Yellen Says Americans Seeing Inflation ‘Well Under Control’

(Bloomberg) -- Treasury Secretary Janet Yellen said that inflation is now “well under control” after a historic surge triggered by the pandemic, and that she believed many Americans would agree.

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“Inflation is now near-term at close to the lowest levels we’ve seen in that survey,” she said Thursday in an apparent reference to inflation expectations reported by the University of Michigan consumer sentiment survey. “So I think Americans do believe that inflation is under control.”

Yellen made the remarks at the Economic Club of Chicago in answering questions after a speech touting the Biden administration’s economic policy accomplishments.

Data released earlier Thursday showed a closely watched measure of underlying inflation ran at 2% for a second straight quarter, in line with the Federal Reserve’s target. That’s despite surprisingly strong growth in the fourth quarter of 3.3%.

Americans are also benefiting from wage growth that now exceeds inflation, the Treasury chief highlighted.

‘Getting Ahead’

“People are getting ahead,” she said. “They’re seeing their fortunes improve, and I believe that if inflation stays low they’ll begin to regain their confidence in the economy.”

Separately, Yellen suggested that productivity, a key component to growth, could be on the rise, helping to explain how robust economic activity hasn’t hampered the slowdown in inflation.

“We have had some recent strong productivity numbers,” she told reporters following the Chicago event. “If productivity is increasing, and output’s increasing, this is all good.”

Productivity measures output for a given amount of labor. If it increases — such as because companies use more technology or worker skills are rising — the economy can grow without adding to inflation pressures.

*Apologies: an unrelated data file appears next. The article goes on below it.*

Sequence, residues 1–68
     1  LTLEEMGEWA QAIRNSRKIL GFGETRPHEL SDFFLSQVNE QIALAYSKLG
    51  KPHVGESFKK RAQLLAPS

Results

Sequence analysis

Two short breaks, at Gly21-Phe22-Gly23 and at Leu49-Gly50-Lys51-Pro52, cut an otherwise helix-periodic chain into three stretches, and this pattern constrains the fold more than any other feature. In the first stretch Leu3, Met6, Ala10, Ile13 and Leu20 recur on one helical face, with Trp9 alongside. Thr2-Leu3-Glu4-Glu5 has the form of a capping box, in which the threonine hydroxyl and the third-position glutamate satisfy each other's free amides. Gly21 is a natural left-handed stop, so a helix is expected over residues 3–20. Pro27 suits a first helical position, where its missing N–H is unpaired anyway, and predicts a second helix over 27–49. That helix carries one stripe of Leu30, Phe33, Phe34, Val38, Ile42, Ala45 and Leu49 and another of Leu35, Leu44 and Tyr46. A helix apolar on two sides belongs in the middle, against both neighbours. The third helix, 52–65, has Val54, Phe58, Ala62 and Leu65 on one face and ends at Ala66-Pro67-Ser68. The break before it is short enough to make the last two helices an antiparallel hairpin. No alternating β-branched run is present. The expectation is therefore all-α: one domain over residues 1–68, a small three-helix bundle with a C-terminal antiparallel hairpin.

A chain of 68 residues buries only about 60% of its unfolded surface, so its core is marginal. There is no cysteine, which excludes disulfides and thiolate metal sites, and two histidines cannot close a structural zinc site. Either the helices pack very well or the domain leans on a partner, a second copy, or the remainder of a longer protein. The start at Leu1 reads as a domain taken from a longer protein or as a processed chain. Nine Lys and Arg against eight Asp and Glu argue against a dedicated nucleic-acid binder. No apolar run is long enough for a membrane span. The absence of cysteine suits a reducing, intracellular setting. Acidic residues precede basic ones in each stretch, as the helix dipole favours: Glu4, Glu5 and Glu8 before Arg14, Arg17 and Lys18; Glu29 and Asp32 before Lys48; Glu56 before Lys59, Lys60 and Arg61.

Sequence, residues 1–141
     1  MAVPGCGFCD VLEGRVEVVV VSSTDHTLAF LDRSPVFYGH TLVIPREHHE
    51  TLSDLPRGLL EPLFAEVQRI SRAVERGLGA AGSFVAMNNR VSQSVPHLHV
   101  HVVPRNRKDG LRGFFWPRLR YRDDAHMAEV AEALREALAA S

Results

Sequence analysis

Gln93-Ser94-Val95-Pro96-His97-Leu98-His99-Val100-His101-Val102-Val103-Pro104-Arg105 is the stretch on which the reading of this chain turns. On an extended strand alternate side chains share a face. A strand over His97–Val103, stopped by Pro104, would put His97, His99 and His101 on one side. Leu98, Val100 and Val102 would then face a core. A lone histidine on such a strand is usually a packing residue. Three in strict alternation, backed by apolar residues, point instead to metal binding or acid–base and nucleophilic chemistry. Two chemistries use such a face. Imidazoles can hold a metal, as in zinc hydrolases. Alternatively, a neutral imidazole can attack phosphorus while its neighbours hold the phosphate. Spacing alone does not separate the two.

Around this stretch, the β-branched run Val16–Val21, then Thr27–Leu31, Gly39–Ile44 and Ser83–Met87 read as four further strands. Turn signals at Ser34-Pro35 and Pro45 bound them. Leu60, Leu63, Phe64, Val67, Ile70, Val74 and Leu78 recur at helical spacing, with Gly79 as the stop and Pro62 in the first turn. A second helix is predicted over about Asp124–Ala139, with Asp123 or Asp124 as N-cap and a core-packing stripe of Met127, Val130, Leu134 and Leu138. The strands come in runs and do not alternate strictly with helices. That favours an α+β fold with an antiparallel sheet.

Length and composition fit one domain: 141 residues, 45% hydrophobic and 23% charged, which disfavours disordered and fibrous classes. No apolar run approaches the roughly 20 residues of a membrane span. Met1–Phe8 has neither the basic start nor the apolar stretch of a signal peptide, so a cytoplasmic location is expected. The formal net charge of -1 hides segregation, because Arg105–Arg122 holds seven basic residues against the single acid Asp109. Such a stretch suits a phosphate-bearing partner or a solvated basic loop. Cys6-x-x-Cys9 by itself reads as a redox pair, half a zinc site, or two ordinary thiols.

Soft Landing

And the Treasury chief saw no sign of resurgent inflation in today’s data.

“It’s a good thing, reflective of strong, healthy spending and productivity improvements, and most likely not creating an inflationary challenge,” she said of the GDP report. “I don’t really see anything that threatens a soft landing scenario in this report.”

She cautioned, however, that it’s too early to declare that productivity will be on the upswing for the longer haul.

“It may be we’re having a period of more rapid productivity growth,” she said. “There’s a lot being written about AI and its potential to improve productivity growth, but it would be completely speculative to go there.”

Yellen also said that while the cost of the country’s debt load remained manageable, it would become a threat to fiscal sustainability should interest rates remain elevated for a more extended period of time.

“If interest rates stay much higher for longer, and because of an ageing population, we do need to take steps to make sure that our deficits come down and remain at manageable levels,” she said.

(Updates with comments on productivity, starting in seventh paragraph.)

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